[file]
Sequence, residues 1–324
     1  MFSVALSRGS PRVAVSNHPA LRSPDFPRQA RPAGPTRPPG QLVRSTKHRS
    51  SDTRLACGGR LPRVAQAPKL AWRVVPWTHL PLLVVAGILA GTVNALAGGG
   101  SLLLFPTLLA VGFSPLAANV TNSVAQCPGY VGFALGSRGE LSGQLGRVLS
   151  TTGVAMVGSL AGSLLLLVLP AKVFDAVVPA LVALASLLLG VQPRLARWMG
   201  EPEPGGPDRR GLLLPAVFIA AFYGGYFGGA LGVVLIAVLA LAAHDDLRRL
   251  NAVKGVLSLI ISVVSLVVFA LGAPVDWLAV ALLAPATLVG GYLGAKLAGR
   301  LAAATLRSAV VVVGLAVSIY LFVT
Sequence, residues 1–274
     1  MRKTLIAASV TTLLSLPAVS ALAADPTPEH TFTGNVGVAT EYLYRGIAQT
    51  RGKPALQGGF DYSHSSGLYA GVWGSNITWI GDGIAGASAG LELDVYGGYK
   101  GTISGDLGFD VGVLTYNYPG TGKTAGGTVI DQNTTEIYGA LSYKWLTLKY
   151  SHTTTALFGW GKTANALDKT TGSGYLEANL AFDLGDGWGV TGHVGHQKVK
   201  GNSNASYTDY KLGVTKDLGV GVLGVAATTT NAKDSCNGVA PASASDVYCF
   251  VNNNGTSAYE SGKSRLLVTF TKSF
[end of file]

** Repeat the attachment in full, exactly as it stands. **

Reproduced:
Sequence, residues 1–324
     1  MFSVALSRGS PRVAVSNHPA LRSPDFPRQA RPAGPTRPPG QLVRSTKHRS
    51  SDTRLACGGR LPRVAQAPKL AWRVVPWTHL PLLVVAGILA GTVNALAGGG
   101  SLLLFPTLLA VGFSPLAANV TNSVAQCPGY VGFALGSRGE LSGQLGRVLS
   151  TTGVAMVGSL AGSLLLLVLP AKVFDAVVPA LVALASLLLG VQPRLARWMG
   201  EPEPGGPDRR GLLLPAVFIA AFYGGYFGGA LGVVLIAVLA LAAHDDLRRL
   251  NAVKGVLSLI ISVVSLVVFA LGAPVDWLAV ALLAPATLVG GYLGAKLAGR
   301  LAAATLRSAV VVVGLAVSIY LFVT
Sequence, residues 1–274
     1  MRKTLIAASV TTLLSLPAVS ALAADPTPEH TFTGNVGVAT EYLYRGIAQT
    51  RGKPALQGGF DYSHSSGLYA GVWGSNITWI GDGIAGASAG LELDVYGGYK
   101  GTISGDLGFD VGVLTYNYPG TGKTAGGTVI DQNTTEIYGA LSYKWLTLKY
   151  SHTTTALFGW GKTANALDKT TGSGYLEANL AFDLGDGWGV TGHVGHQKVK
   201  GNSNASYTDY KLGVTKDLGV GVLGVAATTT NAKDSCNGVA PASASDVYCF
   251  VNNNGTSAYE SGKSRLLVTF TKSF